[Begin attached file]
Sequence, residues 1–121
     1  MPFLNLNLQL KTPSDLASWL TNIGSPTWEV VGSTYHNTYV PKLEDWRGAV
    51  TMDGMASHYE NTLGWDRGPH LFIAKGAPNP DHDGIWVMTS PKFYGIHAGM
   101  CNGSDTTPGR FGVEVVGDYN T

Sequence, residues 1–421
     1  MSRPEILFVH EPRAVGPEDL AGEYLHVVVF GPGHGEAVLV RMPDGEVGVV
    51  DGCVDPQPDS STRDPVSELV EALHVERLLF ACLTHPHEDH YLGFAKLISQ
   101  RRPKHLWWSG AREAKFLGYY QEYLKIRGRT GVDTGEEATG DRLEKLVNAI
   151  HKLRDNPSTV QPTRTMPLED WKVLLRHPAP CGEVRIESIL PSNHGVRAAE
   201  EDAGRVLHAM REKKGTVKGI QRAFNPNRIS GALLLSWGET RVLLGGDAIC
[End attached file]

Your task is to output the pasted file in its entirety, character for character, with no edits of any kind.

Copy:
Sequence, residues 1–121
     1  MPFLNLNLQL KTPSDLASWL TNIGSPTWEV VGSTYHNTYV PKLEDWRGAV
    51  TMDGMASHYE NTLGWDRGPH LFIAKGAPNP DHDGIWVMTS PKFYGIHAGM
   101  CNGSDTTPGR FGVEVVGDYN T

Sequence, residues 1–421
     1  MSRPEILFVH EPRAVGPEDL AGEYLHVVVF GPGHGEAVLV RMPDGEVGVV
    51  DGCVDPQPDS STRDPVSELV EALHVERLLF ACLTHPHEDH YLGFAKLISQ
   101  RRPKHLWWSG AREAKFLGYY QEYLKIRGRT GVDTGEEATG DRLEKLVNAI
   151  HKLRDNPSTV QPTRTMPLED WKVLLRHPAP CGEVRIESIL PSNHGVRAAE
   201  EDAGRVLHAM REKKGTVKGI QRAFNPNRIS GALLLSWGET RVLLGGDAIC